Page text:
• Employees need to trust that their managers are looking out for their best interest.
    • Managers need to trust that their employees are engaged and motivated at work. Part of this trust is built during the hiring process—selecting candidates who are self-motivated—and the rest is built over time with each positive interaction. Just like in-person office cultures, remote office cultures can differ wildly.
  • The Team Wins Together. We all win together. Success in this company is not a zero sum game. Did someone else deliver a big victory in your team? Excellent. Celebrate it, congratulate them, and learn from what they did so you can drive yourself to your next big win.

    Don't tear down or minimize the victories of other people in this company. Positivity adds momentum; negativity adds drag.

  • Continuous Checkin and Feedback. If employees are more familiar working in an office environment where they receive feedback daily, the silence in a remote position can be the perfect breeding ground for Imposter Syndrome. It's easy to assume the worst about your work when you don't hear otherwise.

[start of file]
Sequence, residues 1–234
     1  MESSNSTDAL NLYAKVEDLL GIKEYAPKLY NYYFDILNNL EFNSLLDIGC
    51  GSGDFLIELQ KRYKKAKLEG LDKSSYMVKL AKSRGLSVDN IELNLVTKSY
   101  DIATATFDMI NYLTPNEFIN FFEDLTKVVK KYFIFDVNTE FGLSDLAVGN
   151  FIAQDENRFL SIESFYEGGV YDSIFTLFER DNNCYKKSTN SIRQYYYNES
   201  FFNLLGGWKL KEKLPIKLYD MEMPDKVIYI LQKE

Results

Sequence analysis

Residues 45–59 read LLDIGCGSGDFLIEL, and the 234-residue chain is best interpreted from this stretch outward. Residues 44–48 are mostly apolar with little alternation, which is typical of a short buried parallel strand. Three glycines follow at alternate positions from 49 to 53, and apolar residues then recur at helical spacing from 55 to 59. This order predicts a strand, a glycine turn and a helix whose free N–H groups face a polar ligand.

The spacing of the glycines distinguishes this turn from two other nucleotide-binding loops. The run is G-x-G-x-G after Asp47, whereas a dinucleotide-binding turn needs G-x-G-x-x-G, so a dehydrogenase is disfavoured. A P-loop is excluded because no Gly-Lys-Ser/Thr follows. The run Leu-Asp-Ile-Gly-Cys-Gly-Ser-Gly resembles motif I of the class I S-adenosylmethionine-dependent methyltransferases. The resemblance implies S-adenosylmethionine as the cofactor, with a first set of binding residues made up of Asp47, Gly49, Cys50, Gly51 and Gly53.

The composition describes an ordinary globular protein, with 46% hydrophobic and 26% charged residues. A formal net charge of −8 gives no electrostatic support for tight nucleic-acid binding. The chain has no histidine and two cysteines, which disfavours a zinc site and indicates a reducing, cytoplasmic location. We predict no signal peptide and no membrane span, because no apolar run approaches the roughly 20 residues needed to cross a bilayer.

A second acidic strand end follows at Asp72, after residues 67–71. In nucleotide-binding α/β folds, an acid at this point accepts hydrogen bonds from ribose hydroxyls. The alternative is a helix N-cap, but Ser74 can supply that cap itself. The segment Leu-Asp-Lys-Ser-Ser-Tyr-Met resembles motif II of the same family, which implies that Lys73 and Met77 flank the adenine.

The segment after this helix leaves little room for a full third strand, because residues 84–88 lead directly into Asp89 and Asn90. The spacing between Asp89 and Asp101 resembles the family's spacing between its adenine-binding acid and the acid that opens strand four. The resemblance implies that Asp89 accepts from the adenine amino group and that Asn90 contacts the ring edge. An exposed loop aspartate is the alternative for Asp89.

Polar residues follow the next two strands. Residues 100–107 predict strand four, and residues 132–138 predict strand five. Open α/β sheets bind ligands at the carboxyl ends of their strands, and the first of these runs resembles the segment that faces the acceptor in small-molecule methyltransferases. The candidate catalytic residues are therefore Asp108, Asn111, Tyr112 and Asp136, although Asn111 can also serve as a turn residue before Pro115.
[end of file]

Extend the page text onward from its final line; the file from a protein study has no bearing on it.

Regardless of whether you check-in with employees daily through a chat app, schedule weekly video sessions, or meet in-person monthly, the key is to provide continuous feedback rather than combining it all into one surprising review at the end of the year. Hold performance-oriented discussions in private, not in public. We share praise in public, and keep negative feedback to 1:1.